School of Engineering Technology will spark collaborations

Created on: February 20, 2014

The creation of the School of Engineering Technology at Purdue University has eliminated administrative barriers and created more opportunities for students and faculty alike.

Housed within the College of Technology, the new school has brought together two departments: mechanical engineering technology and electrical and computer engineering technology. The bachelor’s degrees from each department will be part of the school, and new, collaborative degrees are being planned.

One area that will receive a lot of focus is robotics.

“We still have the core discipline strengths, those things that serve all of our students as they enter the engineering workforce,” said Ken Burbank, Ph.D., head of the School of Engineering Technology. “And now we also can work on degree programs that focus on the areas where these disciplines overlap, such as robotics and mechatronics.”

In fact, a bachelor’s degree that focuses on automation and robotics is the next proposal from the school. The degree will combine the study of embedded controllers, sensors, and instrumentation with mechanics and manufacturing processes to enable graduates to apply automation and robotics to advanced systems. These larger systems range from advanced manufacturing facilities to healthcare and aging in the home.

Team-focused senior projects will provide practical experience to students as they prepare for their engineering careers. The team approach replicates the engineering team atmosphere most graduates will encounter in the workforce, bringing together experts in more than one field to solve a problem.

“This is an opportunity to synthesize the courses they’ve taken,” said Phillip Sanger, professor of electrical engineering technology and coordinator of the senior projects course. “It’s an opportunity to gather all of that knowledge and apply it to an integrative real world experience. The students will also learn lessons in teamwork, collaboration, problem solving, self direction and creative thinking.”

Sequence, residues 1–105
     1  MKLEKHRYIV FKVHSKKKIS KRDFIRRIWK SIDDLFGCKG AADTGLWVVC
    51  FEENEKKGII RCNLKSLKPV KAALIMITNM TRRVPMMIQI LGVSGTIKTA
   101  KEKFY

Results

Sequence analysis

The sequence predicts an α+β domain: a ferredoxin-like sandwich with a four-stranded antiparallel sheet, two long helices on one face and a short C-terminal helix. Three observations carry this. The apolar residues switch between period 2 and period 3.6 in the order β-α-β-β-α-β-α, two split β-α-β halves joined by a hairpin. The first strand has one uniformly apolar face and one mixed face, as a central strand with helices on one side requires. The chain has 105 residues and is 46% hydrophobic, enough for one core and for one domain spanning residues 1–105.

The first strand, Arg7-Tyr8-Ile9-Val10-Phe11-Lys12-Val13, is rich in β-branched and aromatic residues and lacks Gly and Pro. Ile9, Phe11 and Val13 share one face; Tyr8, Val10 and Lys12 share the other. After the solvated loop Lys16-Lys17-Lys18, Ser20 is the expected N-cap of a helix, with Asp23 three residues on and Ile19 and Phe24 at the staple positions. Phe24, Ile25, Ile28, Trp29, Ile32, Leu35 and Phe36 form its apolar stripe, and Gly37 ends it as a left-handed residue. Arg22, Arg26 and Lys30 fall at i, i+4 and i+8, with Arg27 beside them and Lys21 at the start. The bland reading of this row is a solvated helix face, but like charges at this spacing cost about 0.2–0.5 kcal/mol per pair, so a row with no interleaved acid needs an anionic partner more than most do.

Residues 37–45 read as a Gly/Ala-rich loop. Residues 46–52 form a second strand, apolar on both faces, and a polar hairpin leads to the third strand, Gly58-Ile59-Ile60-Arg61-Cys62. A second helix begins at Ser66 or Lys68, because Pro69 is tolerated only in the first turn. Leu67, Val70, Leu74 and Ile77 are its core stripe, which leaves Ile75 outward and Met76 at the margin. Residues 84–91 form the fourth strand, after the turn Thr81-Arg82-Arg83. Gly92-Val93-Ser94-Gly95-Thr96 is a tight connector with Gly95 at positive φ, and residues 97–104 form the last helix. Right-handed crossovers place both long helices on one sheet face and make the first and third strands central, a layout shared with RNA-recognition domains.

The graduate level will benefit from collaborations as well. Burbank said the school has proposed a master’s degree in engineering technology, which will bring together courses from both disciplines to create a well-rounded, advanced degree. Until the new degree is approved, the school will continue to offer focus areas for the M.S. in Technology degree program.

With a renewed sense of purpose and a plan for expanding enrollment, Burbank is excited for the future of the school.

“There’s a national call for more engineers and more people working in STEM,” he said. “The School of Engineering Technology is part of the college’s response to help address the national need for STEM professionals.”

Burbank’s work to address the potential shortage of STEM professionals does not stop at Purdue University. He is chair-elect of the Engineering Technology Council of the American Society of Engineering Education (ASEE). The group works on the national level to bring more visibility and awareness to the academic disciplines.

To help prospective students and parents understand their options better, the council has adopted the tagline “The degree is engineering technology, the career is engineering.” When he takes over as chair of the council later this year, Burbank will continue work at the national level to help more employers and the public understand the value of an engineering technology education and the contributions of its graduates in the workforce.

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